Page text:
The object of the robot is manetaining a constant speed & heading on its own. This is just automated enough for a lion to drive it with 1 paw while doing something else. The journey began in Jan 2014, with a $40 G-Buggy the lion kingdom got for free.
This was the seed of the idea. The lion kingdom would have never developed the complete robot if it wasn't for the original free G buggy.
It was a very poor at setting a pace, couldn't carry cargo, but could carry a camera. The potential for documenting runs was there. There was no easy way to measure speed & the steering was binary. With enough tuning however, the steering could be made proportional enough to hold a heading.
The steering mechanism was an interesting reduction of a servo into a spring that centered the wheels & a clutch plate that applied a steering force proportional to the speed of a motor. The controller it came with could only do binary steering, but with a fast rate sensor & feedback loop, the steering could be made somewhat proportional.
The inner clutch plate & outer ring it pressed against while spinning, but not while stationary.
With a constant voltage applied to the traction motor, it achieved poor speed regulation but infinitely better than lions trying to pace themselves.
The final form of the 1st model.
Several models came afterwards, as budgets increased, culminating in the Tamiya Lunchbox. The steering was finally proportional & the speed could finally be regulated.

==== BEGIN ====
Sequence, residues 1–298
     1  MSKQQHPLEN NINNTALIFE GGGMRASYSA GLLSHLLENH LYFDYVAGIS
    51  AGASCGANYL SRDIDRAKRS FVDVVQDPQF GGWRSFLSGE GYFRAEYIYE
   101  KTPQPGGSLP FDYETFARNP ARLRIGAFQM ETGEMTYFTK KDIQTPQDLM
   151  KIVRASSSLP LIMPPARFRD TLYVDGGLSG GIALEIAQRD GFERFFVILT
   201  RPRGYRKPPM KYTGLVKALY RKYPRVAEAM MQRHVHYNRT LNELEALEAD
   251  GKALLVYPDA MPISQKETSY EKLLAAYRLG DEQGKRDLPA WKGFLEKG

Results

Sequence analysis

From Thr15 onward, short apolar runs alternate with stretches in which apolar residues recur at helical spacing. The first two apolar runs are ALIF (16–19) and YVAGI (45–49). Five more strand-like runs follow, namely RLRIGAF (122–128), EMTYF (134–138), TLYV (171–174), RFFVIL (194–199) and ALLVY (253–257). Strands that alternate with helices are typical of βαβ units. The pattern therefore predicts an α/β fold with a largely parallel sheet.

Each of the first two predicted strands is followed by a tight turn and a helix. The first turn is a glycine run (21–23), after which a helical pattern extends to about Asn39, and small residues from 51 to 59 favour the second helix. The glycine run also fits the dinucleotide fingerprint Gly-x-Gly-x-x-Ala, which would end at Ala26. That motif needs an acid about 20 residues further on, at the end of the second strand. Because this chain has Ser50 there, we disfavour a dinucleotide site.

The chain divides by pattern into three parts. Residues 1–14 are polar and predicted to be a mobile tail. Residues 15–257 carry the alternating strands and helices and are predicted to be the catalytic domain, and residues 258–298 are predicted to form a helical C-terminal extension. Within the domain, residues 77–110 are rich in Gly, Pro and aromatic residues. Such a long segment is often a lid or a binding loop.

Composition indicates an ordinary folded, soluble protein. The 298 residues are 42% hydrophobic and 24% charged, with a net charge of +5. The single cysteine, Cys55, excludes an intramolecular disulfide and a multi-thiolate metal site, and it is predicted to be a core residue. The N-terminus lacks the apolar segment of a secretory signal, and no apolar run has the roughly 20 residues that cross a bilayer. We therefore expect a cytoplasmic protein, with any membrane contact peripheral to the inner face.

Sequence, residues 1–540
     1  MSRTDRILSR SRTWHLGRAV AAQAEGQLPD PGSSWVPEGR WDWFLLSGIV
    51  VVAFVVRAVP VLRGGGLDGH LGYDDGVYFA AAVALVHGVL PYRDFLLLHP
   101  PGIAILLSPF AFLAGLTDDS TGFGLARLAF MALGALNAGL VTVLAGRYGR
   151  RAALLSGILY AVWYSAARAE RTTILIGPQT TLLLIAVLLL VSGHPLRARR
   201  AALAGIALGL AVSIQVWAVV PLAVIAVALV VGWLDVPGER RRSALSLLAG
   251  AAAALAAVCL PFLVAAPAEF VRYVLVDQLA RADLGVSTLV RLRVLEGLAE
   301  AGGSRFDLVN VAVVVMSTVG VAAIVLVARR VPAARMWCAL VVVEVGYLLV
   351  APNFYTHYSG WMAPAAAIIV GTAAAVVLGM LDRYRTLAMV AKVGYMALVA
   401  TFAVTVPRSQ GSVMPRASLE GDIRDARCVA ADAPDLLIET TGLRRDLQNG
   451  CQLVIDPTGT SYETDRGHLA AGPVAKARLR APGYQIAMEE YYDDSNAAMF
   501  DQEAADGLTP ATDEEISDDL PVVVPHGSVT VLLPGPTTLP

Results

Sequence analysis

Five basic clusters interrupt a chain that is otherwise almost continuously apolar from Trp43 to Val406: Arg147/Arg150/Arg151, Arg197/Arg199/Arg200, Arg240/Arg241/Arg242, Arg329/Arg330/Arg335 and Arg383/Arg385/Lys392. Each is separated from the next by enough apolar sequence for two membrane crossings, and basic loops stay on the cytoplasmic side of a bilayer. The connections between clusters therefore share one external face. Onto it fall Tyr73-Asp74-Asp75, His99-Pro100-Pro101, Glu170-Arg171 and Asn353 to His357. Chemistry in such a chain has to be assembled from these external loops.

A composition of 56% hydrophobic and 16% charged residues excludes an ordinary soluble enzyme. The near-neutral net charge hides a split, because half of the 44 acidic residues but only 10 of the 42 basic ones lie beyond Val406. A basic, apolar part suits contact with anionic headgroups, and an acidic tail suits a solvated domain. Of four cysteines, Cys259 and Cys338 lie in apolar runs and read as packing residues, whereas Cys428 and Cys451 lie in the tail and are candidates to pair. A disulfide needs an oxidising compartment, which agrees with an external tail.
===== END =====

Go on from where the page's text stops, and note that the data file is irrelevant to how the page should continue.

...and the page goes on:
Attempts to make it self driving all failed, for reasons startups are too familiar with.
Key to making it all work was a paw controller which lions could provide semi autonomous control from. Proportional steering & throttle would be nice, but weight & durability dictated binary tact buttons. China simply never made a durable, compact, proportional sensor.
In May 2014 came the 1st controller which lasted a reasonably long time.
The final design had 2 buttons for slow steering, 2 buttons for fast steering, 1 button for throttle. This was proportional enough for all needs, with the computer automating speed & heading. 1 switch controlled reverse.
The stick was further refined with 900Mhz frequency hopping radios, 4" packing tape to insulate the switches from sweat.
Attempts to make it self driving continued through 2015. Attempts to go beyond pacing & make it carry stuff began in Dec 2015.
This was the shift from a toy to a practical logistical solution. It was also the moment lions realized it's better to have a semi autonomous solution that works than to perpetually search for self driving while having nothing useful.
The final lunchbox system had a very large container.
Suspension was lowered. Wheels were reinforced. Tires were wrapped in nylon.
Current mail order parts which have yielded the best results, after thousands of miles:
bearings https://www.amazon.com/gp/slredirect/picassoRedirect.html/ref=pa_sp_atf_aps_sr_pg1_1?ie=UTF8&adId=A07934293L95IQDPPTPD4&url=https%3A%2F%2Fwww.amazon.com%2FTamiya-Lunchbox-Precision-Bearing-Rubber%2Fdp%2FB00V1QZ86S%2Fref%3Dsr_1_1_sspa%3Fie%3DUTF8%26qid%3D1549922090%26sr%3D8-1-spons%26keywords%3Dtamiya%2Blunchbox%2Bparts%26psc%3D1&qualifier=1549922089&id=4383766425134616&widgetName=sp_atf 10.48
motor https://www.hobbypartz.com/96m276-2848-2400kv-16t.html discontinued
1:10 2400kv size 540 35mm diameter 3.17mm shaft. The 2848 descriptor is not reliable.
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